When the Conservatives came to power in 2010, they viewed climate policy as a way to appeal to younger voters, many of whom viewed the Tories as a tightfisted party in thrall to business interests. Parliament created a climate change committee, which prodded the government to adopt policies that would help Britain meet its goals. Several of its policies were mimicked by fellow EU members. “We basically ran the EU on climate policy,” Burke said.
Then came the Brexit vote, and “we lost our most important tool for influencing other countries, which was the EU,” he said.
Johnson, who once scoffed that wind farms would “barely pull the skin off a rice pudding,” now speaks about climate change with the zeal of the converted. They say he has been convinced of the need for action by his third wife, Carrie Johnson, who campaigns against plastic pollution.
But critics say Johnson’s bracing words are belied by his actions. The Climate Action Tracker, while praising Britain’s ambitions, criticized its financial commitment to achieving them, calling it “highly insufficient.”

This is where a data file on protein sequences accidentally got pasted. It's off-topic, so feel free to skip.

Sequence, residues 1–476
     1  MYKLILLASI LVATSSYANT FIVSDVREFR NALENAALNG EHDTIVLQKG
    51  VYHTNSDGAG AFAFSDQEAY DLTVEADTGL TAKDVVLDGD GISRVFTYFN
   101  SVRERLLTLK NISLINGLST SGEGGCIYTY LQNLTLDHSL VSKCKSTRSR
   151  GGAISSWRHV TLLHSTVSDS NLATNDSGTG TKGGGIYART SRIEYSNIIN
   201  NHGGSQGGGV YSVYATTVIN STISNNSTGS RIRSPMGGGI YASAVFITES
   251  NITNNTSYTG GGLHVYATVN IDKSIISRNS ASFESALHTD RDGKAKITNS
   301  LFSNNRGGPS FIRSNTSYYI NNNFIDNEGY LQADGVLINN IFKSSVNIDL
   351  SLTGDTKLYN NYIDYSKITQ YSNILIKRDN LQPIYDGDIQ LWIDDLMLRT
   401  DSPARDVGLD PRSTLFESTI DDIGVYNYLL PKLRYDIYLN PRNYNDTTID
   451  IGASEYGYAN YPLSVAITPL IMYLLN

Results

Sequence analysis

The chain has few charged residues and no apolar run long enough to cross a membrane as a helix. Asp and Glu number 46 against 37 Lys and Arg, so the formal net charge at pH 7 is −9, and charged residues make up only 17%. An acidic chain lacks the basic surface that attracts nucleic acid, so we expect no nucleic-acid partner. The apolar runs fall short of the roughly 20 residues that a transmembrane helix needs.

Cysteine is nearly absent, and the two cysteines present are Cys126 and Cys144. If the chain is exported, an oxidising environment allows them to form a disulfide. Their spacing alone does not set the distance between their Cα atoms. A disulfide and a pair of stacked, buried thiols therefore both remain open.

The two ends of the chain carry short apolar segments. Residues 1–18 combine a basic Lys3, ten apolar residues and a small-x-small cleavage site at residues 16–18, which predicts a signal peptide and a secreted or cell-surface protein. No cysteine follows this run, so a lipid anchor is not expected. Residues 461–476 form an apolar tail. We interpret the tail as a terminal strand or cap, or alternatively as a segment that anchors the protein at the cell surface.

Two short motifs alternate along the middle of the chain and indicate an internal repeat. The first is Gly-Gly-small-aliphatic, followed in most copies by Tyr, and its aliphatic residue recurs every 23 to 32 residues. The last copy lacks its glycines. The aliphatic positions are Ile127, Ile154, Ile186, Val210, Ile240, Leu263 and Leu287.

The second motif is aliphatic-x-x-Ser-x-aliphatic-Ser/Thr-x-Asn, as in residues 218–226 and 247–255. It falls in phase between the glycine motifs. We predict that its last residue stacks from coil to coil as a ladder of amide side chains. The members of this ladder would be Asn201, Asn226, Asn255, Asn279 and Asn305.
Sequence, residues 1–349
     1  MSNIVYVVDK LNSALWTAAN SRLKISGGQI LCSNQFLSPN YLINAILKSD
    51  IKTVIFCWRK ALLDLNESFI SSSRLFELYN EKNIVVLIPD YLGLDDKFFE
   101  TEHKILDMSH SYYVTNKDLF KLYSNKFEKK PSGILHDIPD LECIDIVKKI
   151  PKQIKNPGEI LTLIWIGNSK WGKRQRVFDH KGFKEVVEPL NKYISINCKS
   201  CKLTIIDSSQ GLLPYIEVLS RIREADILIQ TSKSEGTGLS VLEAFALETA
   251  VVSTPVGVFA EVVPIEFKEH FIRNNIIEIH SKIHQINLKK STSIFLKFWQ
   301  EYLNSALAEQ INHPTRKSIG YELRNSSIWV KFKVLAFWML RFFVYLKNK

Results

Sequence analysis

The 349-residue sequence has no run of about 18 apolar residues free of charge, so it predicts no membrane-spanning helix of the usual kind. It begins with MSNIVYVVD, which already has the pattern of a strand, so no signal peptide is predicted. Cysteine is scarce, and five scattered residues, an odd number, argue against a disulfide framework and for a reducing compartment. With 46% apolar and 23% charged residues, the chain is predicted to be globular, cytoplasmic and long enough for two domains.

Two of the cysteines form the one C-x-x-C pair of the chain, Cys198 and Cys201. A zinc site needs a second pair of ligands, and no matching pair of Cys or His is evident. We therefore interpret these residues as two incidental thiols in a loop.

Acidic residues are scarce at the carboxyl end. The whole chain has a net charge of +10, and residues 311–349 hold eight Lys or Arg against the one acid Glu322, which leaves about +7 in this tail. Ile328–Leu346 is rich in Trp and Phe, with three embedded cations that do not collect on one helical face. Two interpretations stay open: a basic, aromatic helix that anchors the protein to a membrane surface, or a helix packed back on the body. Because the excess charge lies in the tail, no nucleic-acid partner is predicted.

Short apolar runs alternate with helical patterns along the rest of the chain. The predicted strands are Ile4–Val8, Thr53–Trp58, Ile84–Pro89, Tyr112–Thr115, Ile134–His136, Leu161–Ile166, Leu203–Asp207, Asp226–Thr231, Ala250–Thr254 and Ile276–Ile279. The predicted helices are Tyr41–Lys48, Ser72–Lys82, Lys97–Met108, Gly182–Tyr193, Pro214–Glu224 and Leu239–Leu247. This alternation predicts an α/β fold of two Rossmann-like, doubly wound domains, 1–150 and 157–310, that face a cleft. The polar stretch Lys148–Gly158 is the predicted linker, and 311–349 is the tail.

“It’s accurate to say that this is a betrayal of a national commitment by the current government,” Burke said.
Johnson’s pro-Brexit government, he said, depends on support from the libertarian wing of the Tory party, which opposes far-reaching climate initiatives, while his anti-business messaging hinders partnerships with the private sector.
For private companies, the government’s messaging has been muddled. EDF said it would like to build more onshore wind farms, but local resistance and lack of incentives has made it less attractive. And the government has struggled to line up financing for a new generation of nuclear plants.
“We’re only a quarter of the way toward the decarbonized energy system that the prime minister set as a goal for 2035,” said Spence, of EDF.
For all of Britain’s agenda-setting, there is also a sense among activists and experts that there is only so much a midsize country can do to solve a planetary problem. Its total emissions account for barely 1% of the world’s total. China accounts for nearly 30%, and the United States for 14%.
“Imagine if these policies had been picked up in 1997 by the United States,” said David King, a former climate envoy and scientific adviser to Prime Minister Tony Blair. “The world would be a very different place.”
This article originally appeared in The New York Times.